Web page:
UTF-8 Bit Manipulation
My reasoning was that the current code is not worth changing without strong profiling data showing measurable gain in real-world use cases. That's all.
Now to your solution and questions. You approach has two and a half major issues that make it unusable in real code:
- As you mention yourself, it uses 64-bit math,
- It assumes that shifting an integer more than its width results in zero. That's undefined by the C language,
- It does a "x*3". On many processors that's best implemented as "(x<<1)+x".
So while it theoretically works, using nine integer operations, in practice it's unusable. Oh, your function produces the exact same values as in the glib table BTW. That's good.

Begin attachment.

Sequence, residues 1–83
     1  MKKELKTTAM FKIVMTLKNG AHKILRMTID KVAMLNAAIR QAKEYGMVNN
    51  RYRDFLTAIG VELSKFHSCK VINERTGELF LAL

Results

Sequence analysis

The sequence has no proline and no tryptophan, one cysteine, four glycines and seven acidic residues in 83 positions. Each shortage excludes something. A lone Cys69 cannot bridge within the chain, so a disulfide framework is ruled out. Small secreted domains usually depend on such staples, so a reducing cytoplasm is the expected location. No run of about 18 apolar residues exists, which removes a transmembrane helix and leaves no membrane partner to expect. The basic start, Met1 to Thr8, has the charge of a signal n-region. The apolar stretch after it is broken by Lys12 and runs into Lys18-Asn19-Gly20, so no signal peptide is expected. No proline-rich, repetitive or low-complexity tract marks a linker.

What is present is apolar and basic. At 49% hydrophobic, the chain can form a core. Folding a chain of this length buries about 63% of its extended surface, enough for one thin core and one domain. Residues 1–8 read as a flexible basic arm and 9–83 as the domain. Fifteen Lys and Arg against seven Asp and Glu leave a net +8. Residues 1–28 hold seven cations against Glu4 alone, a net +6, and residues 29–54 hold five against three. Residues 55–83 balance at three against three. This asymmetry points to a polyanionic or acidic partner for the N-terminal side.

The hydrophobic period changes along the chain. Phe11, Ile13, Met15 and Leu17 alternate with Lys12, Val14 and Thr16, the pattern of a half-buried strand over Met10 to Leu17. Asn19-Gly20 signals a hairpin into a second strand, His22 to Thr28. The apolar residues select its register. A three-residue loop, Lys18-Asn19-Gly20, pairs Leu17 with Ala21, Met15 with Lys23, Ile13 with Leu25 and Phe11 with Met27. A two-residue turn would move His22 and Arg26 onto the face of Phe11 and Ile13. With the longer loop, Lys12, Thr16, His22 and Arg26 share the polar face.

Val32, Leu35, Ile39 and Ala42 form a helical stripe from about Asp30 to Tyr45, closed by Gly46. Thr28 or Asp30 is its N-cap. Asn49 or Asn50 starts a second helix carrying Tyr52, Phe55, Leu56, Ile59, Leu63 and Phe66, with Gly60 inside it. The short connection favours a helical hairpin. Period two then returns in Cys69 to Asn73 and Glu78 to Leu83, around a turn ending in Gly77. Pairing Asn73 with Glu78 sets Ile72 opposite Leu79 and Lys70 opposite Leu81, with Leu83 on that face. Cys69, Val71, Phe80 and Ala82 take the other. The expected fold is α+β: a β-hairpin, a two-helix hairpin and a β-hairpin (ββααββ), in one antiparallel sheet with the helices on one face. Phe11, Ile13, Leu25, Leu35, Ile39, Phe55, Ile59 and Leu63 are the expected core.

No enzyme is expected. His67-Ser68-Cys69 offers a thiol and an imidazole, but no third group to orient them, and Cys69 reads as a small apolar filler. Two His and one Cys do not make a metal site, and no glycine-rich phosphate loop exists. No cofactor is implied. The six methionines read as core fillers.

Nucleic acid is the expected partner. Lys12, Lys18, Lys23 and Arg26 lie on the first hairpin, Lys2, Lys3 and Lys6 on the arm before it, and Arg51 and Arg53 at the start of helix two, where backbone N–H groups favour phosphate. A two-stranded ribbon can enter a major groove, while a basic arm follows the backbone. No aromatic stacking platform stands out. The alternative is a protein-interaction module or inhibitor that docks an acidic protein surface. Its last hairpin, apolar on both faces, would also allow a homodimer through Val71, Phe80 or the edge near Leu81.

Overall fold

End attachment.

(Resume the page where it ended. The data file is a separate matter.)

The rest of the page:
Here is my solution that can be written as valid C code using 13 simple 32-bit operations:
v = c ^ 0xff
r = (v > 0xF) << 2
v >>= r
s = (v > 0x3) << 1
v >>= s
r |= s
r |= (v >> 1)
return (0x11234561 >> (r << 2)) & 7
It's basically a negation followed by a log2 straight from bithacks
, followed by a table lookup. I particularly like the beautiful final constant.
I leave it to others to measure if this is faster than the lookup-table in glib. Enjoyed working this out though. Everyone, go crazy, shove a few ops off!
Labels: bithacks, glib, utf8